Sarah Thomson


Sarah Thomson is a successful entrepreneur and strong civic leader. Since 2010 Sarah has dedicated her life to educating the public about the need for infrastructure and transit expansion. She has focused on the need for funding in the form of tolls on the Gardiner Expressway and Don Valley Parkway dedicated to building the relief subway line in Toronto.  As CEO and Director of Civic Alliance (operating as the Transit Alliance) a not-for-profit organization, Sarah has grown it from a small advocacy group to a large membership organization with over 150 members and a strong voice on transit and infrastructure in the Greater Toronto and Hamilton Area (GTHA).

The Transit Alliance has seen success in the form of a dedicated Transit Fund – The Trillium Fund – set up by the Provincial government to dedicate an additional beer tax to transit and infrastructure expansion in Ontario.

Sarah is working diligently to ensure a municipal transit fund is achieved.

The Transit Alliance has also worked to ensure that the Federal government create a transit strategy that includes the relief subway line in Toronto and investment in transit infrastructure across the GTHA

Sarah is a community organizer. She co-hosted the Toronto Region Vision 2014 and 2016 events. As well as the Big Debate and other events across the GTHA.

Sarah is a committed environmental advocate. She was Chair of Escarpment Biosphere Conservancy because of her strong belief in protecting the natural habitats in Southern Ontario. Through the Net Zero campaign Sarah is committed to ensuring that the building policy actively encourages builders to use environmental technologies and solutions that will make Toronto a world leader in environmental housing solutions.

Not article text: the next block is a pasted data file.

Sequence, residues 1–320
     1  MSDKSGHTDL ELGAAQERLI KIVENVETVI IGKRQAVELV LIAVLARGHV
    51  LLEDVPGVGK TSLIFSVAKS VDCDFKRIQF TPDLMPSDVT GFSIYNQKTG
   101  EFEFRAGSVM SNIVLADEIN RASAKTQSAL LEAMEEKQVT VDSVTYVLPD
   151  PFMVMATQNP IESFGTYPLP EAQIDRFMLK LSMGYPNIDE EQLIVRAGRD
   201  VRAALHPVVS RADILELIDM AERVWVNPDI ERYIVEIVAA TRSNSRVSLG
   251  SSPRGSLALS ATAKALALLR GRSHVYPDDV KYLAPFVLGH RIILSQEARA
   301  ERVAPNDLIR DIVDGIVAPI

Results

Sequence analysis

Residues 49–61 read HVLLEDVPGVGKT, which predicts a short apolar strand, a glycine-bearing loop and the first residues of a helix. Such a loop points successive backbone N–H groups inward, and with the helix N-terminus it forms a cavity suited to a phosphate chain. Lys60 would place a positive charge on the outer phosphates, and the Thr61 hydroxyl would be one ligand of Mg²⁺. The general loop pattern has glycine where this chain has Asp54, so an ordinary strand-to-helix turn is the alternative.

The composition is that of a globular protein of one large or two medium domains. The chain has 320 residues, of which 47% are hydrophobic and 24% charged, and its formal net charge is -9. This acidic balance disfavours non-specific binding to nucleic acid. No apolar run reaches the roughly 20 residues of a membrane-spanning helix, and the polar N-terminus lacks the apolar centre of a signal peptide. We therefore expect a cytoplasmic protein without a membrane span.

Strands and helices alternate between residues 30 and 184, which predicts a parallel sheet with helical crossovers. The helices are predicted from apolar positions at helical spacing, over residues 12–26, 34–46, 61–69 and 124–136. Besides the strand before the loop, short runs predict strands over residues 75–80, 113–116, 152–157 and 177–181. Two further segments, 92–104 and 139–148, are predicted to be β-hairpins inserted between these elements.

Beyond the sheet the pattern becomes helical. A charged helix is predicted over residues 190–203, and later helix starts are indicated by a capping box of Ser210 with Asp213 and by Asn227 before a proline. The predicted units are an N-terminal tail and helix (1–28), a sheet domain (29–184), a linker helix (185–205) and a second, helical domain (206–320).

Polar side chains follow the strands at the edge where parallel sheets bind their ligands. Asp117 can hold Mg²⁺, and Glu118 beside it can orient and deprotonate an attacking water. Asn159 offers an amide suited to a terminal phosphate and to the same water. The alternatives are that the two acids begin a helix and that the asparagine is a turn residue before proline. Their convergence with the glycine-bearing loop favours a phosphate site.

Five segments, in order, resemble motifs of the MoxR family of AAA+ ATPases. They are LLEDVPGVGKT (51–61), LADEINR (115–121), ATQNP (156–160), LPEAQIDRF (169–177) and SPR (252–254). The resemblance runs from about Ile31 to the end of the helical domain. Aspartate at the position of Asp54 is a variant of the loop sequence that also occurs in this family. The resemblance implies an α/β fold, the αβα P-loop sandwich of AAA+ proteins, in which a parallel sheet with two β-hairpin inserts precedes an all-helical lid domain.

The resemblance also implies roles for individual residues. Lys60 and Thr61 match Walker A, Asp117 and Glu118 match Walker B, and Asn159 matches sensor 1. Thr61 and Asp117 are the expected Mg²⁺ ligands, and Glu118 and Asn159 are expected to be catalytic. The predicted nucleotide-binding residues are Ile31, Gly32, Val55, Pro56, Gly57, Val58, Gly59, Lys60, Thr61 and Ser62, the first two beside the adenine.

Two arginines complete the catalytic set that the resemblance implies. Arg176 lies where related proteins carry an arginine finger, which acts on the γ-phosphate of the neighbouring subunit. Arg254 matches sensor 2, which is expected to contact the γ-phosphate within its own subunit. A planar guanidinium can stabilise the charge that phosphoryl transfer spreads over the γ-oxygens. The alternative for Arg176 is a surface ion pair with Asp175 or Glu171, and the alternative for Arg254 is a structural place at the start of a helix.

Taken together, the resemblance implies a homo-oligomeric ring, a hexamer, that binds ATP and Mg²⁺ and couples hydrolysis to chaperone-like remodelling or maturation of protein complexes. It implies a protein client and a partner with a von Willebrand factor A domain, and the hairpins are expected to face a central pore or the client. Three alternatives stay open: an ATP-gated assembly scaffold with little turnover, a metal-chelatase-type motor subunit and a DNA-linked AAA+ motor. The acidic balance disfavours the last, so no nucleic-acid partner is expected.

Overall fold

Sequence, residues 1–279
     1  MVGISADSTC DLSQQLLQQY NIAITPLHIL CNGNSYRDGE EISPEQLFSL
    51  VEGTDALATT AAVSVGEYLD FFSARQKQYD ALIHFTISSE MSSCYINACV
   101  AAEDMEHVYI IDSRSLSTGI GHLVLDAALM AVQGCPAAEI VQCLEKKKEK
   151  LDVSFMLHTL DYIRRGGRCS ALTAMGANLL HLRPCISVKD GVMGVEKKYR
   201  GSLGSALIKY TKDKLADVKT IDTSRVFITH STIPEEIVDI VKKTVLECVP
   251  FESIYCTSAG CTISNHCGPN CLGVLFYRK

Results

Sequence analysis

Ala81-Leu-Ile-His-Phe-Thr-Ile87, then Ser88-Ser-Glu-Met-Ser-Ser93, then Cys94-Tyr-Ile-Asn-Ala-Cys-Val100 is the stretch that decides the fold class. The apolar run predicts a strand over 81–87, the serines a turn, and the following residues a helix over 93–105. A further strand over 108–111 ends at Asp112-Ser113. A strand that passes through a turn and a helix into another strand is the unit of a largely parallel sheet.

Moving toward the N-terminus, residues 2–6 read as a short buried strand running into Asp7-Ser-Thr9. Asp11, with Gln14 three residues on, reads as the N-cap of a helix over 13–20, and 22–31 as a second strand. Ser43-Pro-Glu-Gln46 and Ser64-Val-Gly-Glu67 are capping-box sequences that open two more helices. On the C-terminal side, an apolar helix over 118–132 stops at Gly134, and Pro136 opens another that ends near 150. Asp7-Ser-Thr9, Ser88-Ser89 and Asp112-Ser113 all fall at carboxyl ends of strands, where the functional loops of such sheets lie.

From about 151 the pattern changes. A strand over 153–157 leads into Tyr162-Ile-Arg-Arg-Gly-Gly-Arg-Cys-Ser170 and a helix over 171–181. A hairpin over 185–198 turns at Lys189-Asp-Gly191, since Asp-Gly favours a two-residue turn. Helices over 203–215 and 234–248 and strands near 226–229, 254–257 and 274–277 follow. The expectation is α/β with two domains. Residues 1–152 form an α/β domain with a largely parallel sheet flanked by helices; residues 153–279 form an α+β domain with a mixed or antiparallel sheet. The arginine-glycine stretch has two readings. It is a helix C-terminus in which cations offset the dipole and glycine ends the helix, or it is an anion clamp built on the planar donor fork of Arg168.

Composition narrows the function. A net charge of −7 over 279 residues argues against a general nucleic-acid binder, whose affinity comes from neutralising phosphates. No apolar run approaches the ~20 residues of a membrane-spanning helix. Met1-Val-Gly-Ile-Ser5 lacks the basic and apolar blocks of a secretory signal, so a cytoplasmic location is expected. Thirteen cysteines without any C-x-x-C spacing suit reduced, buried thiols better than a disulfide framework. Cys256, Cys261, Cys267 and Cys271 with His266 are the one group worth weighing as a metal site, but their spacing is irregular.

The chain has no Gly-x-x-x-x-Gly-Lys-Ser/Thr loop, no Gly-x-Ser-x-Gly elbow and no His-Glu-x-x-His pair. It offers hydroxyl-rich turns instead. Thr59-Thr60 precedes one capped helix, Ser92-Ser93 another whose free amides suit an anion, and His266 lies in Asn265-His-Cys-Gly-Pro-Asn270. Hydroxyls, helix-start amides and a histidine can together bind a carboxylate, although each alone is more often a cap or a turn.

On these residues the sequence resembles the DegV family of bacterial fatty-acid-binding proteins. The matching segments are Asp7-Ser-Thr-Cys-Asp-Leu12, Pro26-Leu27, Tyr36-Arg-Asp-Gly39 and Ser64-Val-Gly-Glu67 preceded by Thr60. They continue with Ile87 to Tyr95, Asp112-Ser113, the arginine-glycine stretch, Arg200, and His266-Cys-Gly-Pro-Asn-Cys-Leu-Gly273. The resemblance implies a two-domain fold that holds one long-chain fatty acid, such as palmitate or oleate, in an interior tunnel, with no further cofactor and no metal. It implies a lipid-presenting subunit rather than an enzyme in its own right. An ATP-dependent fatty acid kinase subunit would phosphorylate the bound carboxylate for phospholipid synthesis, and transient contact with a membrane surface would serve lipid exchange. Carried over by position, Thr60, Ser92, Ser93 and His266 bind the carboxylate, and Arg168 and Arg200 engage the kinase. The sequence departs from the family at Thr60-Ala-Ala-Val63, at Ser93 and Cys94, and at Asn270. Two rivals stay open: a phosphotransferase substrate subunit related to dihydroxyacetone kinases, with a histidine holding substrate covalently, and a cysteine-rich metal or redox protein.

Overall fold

At 18 years old Sarah became an entrepreneur.  She began her career leasing gas stations, but soon recognized the need to provide convenience to her customers and expanded her business by launching retail stores in her locations across Ontario. It wasn’t easy; but Sarah struggled to change a culture that didn’t want change. With over 300 employees, she found her front-line workforce were the first to accept and promote the change. Tenacious, energetic and determined Sarah proved that under-performing service stations could be successful once reformatted and expanded to offer more convenience to customers. Her company grew into a multi-million dollar enterprise. In setting up the stores Sarah created a process that could be easily duplicated across Ontario and to this day she firmly believes that getting the process right is key to creating a successful organization.

In her twenties, Sarah Thomson became involved in restoring old homes. It is a hobby she still has today and is as comfortable with a hammer as she is in a boardroom.

After launching a community newspaper in Hamilton, the Hamilton Examiner, Sarah sold it and established the Women’s Post in 2002. The Women’s Post printed a bi-weekly newspaper that transformed into a monthly magazine. In 2012, it again transformed into an online daily publication with a community of over 500,000 mid- to high-income businesswomen.


In 2010, Sarah Thomson ran for mayor of Toronto. An April 2010 poll by the Toronto Star stated that Thomson had the support of 7% of respondents, but by June a poll showed her support had risen to 17%, putting her in third place. She was the first and only candidate to call for dedicated transit funding and the need for tolls to pay for subway expansion. Lack of funds forced her to drop out of the race.

In the 2011 Provincial election, Sarah Thomson ran for the Provincial Liberals in the riding of Trinity-Spadina where she finished a close second to the NDP incumbent.

Sarah lives in downtown Toronto with her husband and two sons.